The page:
Hope and Area Food Security Coalition's co-chair Jennifer Hawkins speaks to a crowd on their findings.

Research shows Hope has food security issues

Cost was determined as a hindrance to healthy food.

The Hope and Area Food Security Coalition made its community food survey report public on Sept. 22 at the Hope Golf Club.

It highlights that Hope has several challenges including high levels of food vulnerability, hidden food insecurity, lack of affordability and means, high value placed on healthy food, desire for greater local food and a disconnection to outside resources.

The data showed that 21 per cent of those polled experienced deprivation when they face sudden spikes in prices or other challenges.

“They either said they just ate rice all the time or they slept more when they ran out of food, or they went and had noodles, like, cheap ramen noodles,” said presenter and Hope & Area Food Security Coalition’s co-chair Jennifer Hawkins.

Hawkins also noted that a repeated theme was that healthy food came at a high price.

Compounding this problem, Hawkins said 42 per cent of those do not access the food bank.

“People feel very embarrassed, and so they don’t reach out to friends and family,” said Hawkins. “So it’s hidden.”

On the topic of a disconnection to outside resources, Hawkins said seniors knew better what programs there were for them.

“But some of the other focus groups and people that wrote in the survey — they didn’t know,” said Hawkins. They didn’t know about the whole veggie box or what other things might be available to them. And there really aren’t a lot.”

It also highlights that Hope residents value healthy food highly, and want a greater local food system.

“The high value people place on fresh food — huge,” said Hawkins.

“And then also what surprised us was the strong desire for a local food movement. That came out very strongly. Very, very strongly.”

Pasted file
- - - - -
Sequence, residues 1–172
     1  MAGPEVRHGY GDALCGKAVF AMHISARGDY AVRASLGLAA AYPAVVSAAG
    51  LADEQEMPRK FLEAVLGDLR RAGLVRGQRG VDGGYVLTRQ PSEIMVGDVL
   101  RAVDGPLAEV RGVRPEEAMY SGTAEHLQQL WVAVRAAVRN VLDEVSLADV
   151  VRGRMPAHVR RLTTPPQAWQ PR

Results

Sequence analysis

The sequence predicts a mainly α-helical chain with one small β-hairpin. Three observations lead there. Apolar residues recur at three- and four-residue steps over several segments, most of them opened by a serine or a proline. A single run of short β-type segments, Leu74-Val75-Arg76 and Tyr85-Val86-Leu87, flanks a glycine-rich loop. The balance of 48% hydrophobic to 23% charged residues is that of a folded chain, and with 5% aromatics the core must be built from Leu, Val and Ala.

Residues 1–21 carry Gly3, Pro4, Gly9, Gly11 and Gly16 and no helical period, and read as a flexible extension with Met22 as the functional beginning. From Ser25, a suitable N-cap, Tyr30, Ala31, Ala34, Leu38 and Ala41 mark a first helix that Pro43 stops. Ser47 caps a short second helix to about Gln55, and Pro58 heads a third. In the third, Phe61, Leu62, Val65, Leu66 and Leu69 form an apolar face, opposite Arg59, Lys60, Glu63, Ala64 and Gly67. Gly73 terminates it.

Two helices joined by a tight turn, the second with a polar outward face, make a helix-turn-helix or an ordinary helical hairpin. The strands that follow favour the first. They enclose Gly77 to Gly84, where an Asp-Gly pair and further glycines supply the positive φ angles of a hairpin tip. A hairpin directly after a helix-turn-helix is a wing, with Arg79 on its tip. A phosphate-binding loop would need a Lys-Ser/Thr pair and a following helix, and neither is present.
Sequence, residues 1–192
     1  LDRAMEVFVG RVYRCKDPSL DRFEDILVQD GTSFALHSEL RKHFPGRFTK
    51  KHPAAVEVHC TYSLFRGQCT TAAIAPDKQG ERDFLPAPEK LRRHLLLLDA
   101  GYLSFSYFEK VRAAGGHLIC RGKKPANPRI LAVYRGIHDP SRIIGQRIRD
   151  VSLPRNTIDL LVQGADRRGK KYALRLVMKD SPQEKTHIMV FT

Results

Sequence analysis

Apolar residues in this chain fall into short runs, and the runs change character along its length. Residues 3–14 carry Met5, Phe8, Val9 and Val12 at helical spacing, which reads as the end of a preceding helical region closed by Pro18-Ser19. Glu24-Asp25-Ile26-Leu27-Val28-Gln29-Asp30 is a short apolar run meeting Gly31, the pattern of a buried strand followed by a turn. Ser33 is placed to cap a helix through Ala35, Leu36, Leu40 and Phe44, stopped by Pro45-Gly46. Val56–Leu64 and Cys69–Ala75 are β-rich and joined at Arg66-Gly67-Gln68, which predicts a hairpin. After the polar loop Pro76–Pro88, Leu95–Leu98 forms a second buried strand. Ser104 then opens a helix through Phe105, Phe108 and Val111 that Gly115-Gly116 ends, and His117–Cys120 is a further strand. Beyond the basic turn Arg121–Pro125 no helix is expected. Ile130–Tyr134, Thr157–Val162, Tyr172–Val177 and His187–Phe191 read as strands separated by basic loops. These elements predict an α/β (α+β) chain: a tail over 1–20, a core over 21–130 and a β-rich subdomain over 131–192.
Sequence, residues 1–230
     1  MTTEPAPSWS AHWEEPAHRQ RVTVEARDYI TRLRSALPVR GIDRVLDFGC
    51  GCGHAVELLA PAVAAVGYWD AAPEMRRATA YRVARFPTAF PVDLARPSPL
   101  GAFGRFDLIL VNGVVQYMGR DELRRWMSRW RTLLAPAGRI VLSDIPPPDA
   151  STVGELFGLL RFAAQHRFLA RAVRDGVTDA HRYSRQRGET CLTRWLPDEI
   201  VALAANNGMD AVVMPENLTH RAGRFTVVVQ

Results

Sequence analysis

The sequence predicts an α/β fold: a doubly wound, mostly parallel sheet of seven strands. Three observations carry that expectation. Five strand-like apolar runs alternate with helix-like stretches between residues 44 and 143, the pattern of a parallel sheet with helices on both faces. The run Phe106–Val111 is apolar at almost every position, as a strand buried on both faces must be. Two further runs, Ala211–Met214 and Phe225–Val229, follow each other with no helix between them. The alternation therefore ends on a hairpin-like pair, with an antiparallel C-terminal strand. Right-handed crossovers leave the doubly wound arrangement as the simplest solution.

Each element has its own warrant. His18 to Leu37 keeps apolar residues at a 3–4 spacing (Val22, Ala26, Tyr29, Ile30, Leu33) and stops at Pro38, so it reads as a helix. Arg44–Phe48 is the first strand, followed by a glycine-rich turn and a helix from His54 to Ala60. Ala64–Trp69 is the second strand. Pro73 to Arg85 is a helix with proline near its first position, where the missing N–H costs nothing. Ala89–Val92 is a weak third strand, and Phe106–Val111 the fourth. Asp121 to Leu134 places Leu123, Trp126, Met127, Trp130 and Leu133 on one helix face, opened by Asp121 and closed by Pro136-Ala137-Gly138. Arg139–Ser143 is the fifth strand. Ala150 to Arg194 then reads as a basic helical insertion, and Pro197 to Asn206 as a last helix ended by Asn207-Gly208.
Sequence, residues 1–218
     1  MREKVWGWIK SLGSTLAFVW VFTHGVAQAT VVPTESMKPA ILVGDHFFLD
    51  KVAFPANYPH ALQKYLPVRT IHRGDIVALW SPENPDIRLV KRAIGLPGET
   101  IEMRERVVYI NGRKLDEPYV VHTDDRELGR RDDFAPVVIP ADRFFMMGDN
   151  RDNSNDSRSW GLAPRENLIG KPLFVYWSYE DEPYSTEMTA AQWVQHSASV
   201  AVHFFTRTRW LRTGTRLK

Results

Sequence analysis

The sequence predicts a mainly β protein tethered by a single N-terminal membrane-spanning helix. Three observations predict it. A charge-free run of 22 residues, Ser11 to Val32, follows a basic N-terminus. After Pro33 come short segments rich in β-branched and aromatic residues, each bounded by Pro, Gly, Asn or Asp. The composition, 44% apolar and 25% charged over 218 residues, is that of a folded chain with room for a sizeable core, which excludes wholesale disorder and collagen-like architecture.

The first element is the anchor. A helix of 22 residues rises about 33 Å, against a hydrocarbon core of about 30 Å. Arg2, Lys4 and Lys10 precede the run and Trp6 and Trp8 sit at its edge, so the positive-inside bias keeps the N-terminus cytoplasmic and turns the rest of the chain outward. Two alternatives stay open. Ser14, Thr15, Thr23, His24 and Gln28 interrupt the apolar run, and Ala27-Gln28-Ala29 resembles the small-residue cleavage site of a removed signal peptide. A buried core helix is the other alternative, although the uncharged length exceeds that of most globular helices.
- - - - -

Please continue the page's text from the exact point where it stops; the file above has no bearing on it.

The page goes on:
The survey noted that nutrition impacted their food buying decisions even more than cost or personal preferences.

In response, Hope residents will shop outside of Hope to access food from farms or shop at Hofstede’s Country Barn for local food.

“The Farmer’s Market in Hope was not seen as an authentic local food asset,” said the report.

The survey praised Hope as “impressively prepared for emergencies” and have “creative coping strategies, budgeting skills, and knowledge of food growing and preservation.”

It also noted that people in Hope want to learn more and people are willing to share their knowledge.

Transportation did not pose a significant problem for most, but some felt frustrated that they could not access cheaper prices elsewhere.

“It seems that people who can least afford it have little choice in the matter,” wrote the report.

It also highlighted that food access for people living outside Hope can be challenging because they have limited opportunities to come to town to shop.

The survey collected 373 total responses and 1,549 comments, but its authors admit that they did not have the resources to collect a verified random sample.

Its polling saw underrepresentation of the 15-19 demographic, its target demographic, and only just over 20 per cent of those polled were male.